According to the Senate bill, the sanctions would go into effect unless the Trump administration notified Congress every 90 days that Turkey is not operating unilaterally in the Kurdish pocket east of the Euphrates and west of the Iraqi border, and has withdrawn its troops along with Turkish supported rebels.
The last time the US imposed an arms embargo on Turkey was in 1975 after Turkey’s intervention in Cyprus. Ankara responded by shuttering all US access to Turkish bases for three years, something that would create a massive logistical problem for Washington. The Incirlik air base has not only become a key node for US and NATO operations in the Middle East, but also houses up to 80 B61 nuclear weapons for delivery by US aircraft.
Soner Cagaptay, director of the Turkish Research Program at The Washington Institute said that in 1975, Turkey was eager to get back in Washington’s graces as it feared Soviet influence in the region. “I don’t think this would happen this time, as Russia no longer bullies Turkey, but instead courts Turkey,” as an economic and military partner, he said. Deep sanctions could cause Turkish President Erdogan to “pivot further away from the US toward Russia,” and would encourage Turkey to look to other states, like China, with which to make common cause.
Some NATO allies are already moving. On Wednesday, Norway suspended new applications for military product export licenses to Turkey. Norway is also reviewing all current licenses for military and multi-use military export licenses, and is “following the situation with deep concern and reiterate our call for Turkey to end its military operation and respect international law,” Norwegian Foreign Minister Ine Eriksen Søreide said in a statement.
Over the past several years, the Erdogan regime has made a concerted effort to build up Turkey’s domestic defense industrial capacity, which has led to some very real improvements in capability, and increased exports of Turkish gear.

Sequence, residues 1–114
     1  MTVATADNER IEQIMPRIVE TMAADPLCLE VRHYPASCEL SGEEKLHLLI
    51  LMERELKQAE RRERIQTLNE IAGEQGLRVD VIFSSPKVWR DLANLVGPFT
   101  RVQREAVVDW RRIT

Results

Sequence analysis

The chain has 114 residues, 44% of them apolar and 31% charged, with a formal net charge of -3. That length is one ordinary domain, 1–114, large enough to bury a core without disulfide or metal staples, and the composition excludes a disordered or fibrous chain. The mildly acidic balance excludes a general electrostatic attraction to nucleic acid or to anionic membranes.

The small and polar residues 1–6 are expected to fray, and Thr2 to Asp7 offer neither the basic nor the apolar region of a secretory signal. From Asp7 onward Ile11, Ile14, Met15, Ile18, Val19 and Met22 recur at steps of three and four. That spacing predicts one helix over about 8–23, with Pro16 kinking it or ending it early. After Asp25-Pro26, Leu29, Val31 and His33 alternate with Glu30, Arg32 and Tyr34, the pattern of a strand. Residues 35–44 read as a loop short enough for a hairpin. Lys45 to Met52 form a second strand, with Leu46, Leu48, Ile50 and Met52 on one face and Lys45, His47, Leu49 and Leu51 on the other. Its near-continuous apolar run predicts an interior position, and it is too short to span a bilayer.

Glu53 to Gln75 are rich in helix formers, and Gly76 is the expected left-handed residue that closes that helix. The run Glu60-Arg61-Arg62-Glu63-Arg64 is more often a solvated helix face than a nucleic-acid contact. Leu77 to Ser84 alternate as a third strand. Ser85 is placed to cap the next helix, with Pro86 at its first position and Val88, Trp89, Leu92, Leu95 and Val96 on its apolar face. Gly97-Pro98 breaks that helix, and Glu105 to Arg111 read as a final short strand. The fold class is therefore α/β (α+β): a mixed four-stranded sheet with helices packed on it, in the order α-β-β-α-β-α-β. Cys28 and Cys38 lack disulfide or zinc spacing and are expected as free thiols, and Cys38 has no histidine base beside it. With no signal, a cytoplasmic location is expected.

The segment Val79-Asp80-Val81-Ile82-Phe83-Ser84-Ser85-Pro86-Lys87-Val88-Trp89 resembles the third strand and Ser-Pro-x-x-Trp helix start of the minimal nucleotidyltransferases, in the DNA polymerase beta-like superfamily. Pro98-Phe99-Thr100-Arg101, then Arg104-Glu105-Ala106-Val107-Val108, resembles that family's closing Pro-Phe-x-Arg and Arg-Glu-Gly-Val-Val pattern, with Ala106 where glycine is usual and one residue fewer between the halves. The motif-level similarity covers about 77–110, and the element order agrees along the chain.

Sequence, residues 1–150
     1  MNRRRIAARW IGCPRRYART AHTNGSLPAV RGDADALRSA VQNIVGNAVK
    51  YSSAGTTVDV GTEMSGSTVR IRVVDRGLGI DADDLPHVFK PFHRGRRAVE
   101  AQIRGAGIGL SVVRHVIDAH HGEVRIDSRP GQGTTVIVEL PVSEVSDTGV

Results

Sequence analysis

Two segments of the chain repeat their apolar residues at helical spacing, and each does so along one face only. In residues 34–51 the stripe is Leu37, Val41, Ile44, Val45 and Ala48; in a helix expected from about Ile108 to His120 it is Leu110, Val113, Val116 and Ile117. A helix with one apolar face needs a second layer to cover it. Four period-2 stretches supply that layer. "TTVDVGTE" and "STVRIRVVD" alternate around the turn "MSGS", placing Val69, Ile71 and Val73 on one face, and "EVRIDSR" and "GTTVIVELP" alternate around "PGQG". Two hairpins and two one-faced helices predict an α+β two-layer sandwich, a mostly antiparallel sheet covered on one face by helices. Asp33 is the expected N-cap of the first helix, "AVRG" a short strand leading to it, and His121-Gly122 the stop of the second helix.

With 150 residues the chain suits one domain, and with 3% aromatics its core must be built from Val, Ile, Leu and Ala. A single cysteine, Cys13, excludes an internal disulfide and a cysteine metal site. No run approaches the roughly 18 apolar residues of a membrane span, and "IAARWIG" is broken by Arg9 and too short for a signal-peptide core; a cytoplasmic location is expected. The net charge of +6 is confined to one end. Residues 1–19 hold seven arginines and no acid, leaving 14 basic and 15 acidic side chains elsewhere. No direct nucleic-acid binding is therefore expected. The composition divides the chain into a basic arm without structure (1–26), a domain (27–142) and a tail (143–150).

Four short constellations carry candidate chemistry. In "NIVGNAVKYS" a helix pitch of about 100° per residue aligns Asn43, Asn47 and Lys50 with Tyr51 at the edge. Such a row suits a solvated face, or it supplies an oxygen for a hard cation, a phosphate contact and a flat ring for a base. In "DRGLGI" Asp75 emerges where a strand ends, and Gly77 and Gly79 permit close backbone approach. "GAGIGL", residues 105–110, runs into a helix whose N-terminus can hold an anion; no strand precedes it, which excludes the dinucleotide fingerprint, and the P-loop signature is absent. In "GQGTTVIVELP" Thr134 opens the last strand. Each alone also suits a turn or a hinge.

According to SIPRI, military spending in Turkey increased by 24 percent in 2018 to $19 billion, the sharpest increase among the world’s top 15 military spenders.
In 2018, Turkey imported about $685 million worth of defense equipment from the United States and several European NATO partners, according to figures compiled by SIPRI, with almost $300 million of that coming from the US.
Turkish defense exports have also grown in recent years, though they’re nowhere near the goal of $25 billion in exports by 2023 outlined by the government. Earlier this year, Turkish undersecretary for the defense industry Ismail Demir announced defense exports in 2018 shot up 17 percent over the previous year, hitting a record $2 billion.
Most Turkish exports are big-ticket items like armored 4×4 vehicles sold to client states in Africa and the Middle East, with Pakistan and the UAE being some of Ankara’s biggest clients. “Defence-export contracts signed over the last 12 months, however, reflect the growing capability of the Turkish defence industry,” analysts at IISS wrote earlier this year, which include small frigates, helicopters and drones. “Despite this, significant industrial capability gaps continue in areas such as marine and aircraft propulsion and in radars,” the note said.